Hereafter possess our throne, shall 
(I fear me) ne'er attain to that degree 
Of high renown and great authority; 
Amongst which kings is Alexander the Great, 
Chief spectacle of the world's pre-eminence. 
The bright shining of whose glorious acts 
Lightens the world with his' reflecting beams. 
As when I heard but motion' made of him 
It grieves my soul I never saw the man. 
If therefore thou by cunning of thine art 
Canst raise this man from hollow vaults below. 
Where lies entomb'd this famous conqueror. 
And bring with him his beauteous paramour. 
Both in their right shapes, gesture, and attire 
They us'd to wear during their time of life, 
Thou shalt both satisfy my just desire. 
And give me cause to praise thee whilst I live. 

Faust. My gracious lord, I am ready to accomplish your request 
so far forth as by art, and power of my Spirit, I am able to perform. 

Knight. I'faith that's just nothing at all. Aside. 

Faust. But, if it like your Grace, it is not in my ability to present 
before your eyes the true substantial bodies of those two deceased 
princes, which long since are consumed to dust. 

Knight. Ay, marry, Master Doctor, now there's a sign of grace 
in you, when you will confess the truth. Aside. 

Faust. But such spirits as can lively resemble Alexander and his 
paramour shall appear before your Grace in that manner that they 
[best] lived in, in their most flourishing estate; which I doubt not 
shall sufficiendy content your imperial majesty. 

Emp. Go to. Master Doctor, let me see them presently. 

Knight. Do you hear, Master Doctor? You bring Alexander and 
his paramour before the Emperor! 

Faust. How then, sir ? 

Knight. I'faith that's as true as Diana turn'd me to a stag! 

* Its. ' Mention. 


Faust. No, sir, but when Actaron died, he left the horns for you. 
Mephistophilis, begone. Exit Mephisto. 

Knight. Nay, an you go to conjuring, I'll begone. Exit. 

Faust. I'll meet with you anon for interrupting me so. Here they 
are, my gracious lord. 

Re-enter Mephistophilis with [Spirits in the shape of] Alexander 
and his Paramour 

Emp. Master Doctor, I heard this lady while she liv'd had a wart 
or mole in her neck: how shall I know whether it be so or no? 

Faust. Your Highness may boldly go and see. 

Emp. Sure these are no spirits, but the true substantial bodies of 
those two deceased princes. [Exeunt Spirits.] 

Faust. Will't please your Highness now to send for the knight that 
was so pleasant with me here of late? 

Emp. One of you call him forth. [Exit Attendant.] 

Re-enter the Knight with a pair of horns on his head 

How now, sir knight! why I had thought thou had'st been a 
bachelor, but now I see thou hast a wife, that not only gives thee 
horns, but makes thee wear them. Feel on thy head. 

Knight. Thou damned wretch and execrable dog, 
Bred in the concave of some monstrous rock. 
How darest thou thus abuse a gentleman ? 
Villain, I say, undo what thou hast done! 

Faust. O, not so fast, sir; there's no haste; but, good, are you re- 
memb'red how you crossed me in my conference with the Emperor? 
I think I have met with you for it.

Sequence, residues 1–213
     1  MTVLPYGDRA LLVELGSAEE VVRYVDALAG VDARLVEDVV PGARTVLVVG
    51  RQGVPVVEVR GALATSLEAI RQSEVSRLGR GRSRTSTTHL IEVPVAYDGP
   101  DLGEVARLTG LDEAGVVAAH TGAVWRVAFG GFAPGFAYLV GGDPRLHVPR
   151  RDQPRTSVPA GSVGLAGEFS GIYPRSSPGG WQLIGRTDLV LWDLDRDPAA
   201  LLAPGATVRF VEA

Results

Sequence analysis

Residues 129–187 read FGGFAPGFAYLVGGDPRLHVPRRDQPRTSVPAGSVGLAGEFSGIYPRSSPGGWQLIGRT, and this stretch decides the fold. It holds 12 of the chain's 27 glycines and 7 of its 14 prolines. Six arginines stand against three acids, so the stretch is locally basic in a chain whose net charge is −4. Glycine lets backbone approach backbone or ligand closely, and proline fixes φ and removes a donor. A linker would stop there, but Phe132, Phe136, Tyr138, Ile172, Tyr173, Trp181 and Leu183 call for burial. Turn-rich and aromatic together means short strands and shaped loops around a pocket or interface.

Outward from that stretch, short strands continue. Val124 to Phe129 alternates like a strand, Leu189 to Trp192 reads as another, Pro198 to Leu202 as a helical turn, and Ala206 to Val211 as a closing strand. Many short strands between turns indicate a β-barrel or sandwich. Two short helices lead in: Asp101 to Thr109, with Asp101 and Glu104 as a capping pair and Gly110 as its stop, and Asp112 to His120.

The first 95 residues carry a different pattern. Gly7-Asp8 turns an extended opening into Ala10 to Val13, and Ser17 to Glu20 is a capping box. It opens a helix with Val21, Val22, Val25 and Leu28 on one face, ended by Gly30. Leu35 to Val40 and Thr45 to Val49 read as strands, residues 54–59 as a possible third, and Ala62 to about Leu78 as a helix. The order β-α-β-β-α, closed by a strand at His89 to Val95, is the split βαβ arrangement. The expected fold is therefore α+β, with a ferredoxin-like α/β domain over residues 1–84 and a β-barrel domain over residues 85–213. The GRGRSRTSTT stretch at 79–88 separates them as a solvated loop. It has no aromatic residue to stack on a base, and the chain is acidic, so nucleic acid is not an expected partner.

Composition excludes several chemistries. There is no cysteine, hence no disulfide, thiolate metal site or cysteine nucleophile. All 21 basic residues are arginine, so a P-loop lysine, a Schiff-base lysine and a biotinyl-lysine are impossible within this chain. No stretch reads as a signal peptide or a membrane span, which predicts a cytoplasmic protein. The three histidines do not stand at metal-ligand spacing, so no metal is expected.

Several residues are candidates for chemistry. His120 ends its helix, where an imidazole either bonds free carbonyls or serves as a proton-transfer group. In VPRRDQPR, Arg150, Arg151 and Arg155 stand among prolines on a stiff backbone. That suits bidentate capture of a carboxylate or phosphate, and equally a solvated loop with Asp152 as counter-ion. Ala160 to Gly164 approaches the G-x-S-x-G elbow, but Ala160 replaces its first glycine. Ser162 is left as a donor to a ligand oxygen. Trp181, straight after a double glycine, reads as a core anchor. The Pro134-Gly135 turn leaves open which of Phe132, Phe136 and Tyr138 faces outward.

Emp. Good Master Doctor, at my entreaty release him; he hath 
done penance sufficient. 

Faust. My gracious lord, not so much for the injury he off'red me 
here in your presence, as to delight you with some mirth, hath 
Faustus worthily requited this injurious knight; which, being all I 
desire, I am content to release him of his horns: and, sir knight, 
hereafter speak well of scholars. Mephistophilis, transform him 
straight. [Mephistophilis r<rwof«/Af Aorn^.] Now, my good lord, 
having done my duty I humbly take my leave. 


Emp. Farewell, Master Doctor; yet, ere you go, 
Expect from me a bounteous reward. [Exeunt. 

[Scene XI. — A Green; ajterwards the House of Faustus.] 
[Enter Faustus and Mephistophilis] 

Faust. Now, Mephistophilis, the restless course 
That Time doth run with calm and silent foot, 
Short'ning my days and thread of vital life, 
Calls for the payment of my latest years; 
Therefore, sweet Mephistophilis, let us 
Make haste to Wittenberg. 

Meph. What, will you go on horseback or on foot? 

Faust. Nay, till I'm past this fair and pleasant green, I'll walk 
on foot. 

Enter a Horse-Courser 

Horse-C. I have been all this day seeking one Master Fustian: 
mass, see where he is! God save you. Master Doctor! 

Faust. What, horse-courser! You are well met. 

Horse-C. Do you hear, sir? I have brought you forty dollars for 
your horse. 

Faust. I cannot sell him so: if thou likest him for fifty take him. 

Horse-C. Alas, sir, I have no more. — I pray you speak for me. 

Meph. I pray you let him have him: he is an honest fellow, and 
he has a great charge, neither wife nor child. 

Faust. Well, come, give me your money. [Horse-Courser gives 
Faustus the money. \ My boy will deliver him to you. But I must 
tell you one thing before you have him; ride him not into the water 
at any hand. 

Horse-C. Why, sir, will he not drink of all waters? 

Faust. O yes, he will drink of all waters, but ride him not into the 
water: ride him over hedge or ditch, or where thou wilt, but not 
into the water. 

Horse-C. Well, sir. — Now I am made man for ever. I'll not leave 
my horse for forty. If he had but the quality of hey-ding-ding, hey- 
ding-ding, I'd made a brave living on him : he has a buttock as slick 


as an eel. [Aside.] Well, God b' wi' ye, sir, your boy will deliver 
him me: but hark you, sir; if my horse be sick or ill at ease, if I 
bring his water to you, you'll tell me what it is. 
Faust. Away, you villain; what, dost think I am a horse-doctor? 


What art thou, Faustus, but a man condemn'd to die ? 

Thy fatal time doth draw to final end; 

Despair doth drive distrust unto my thoughts: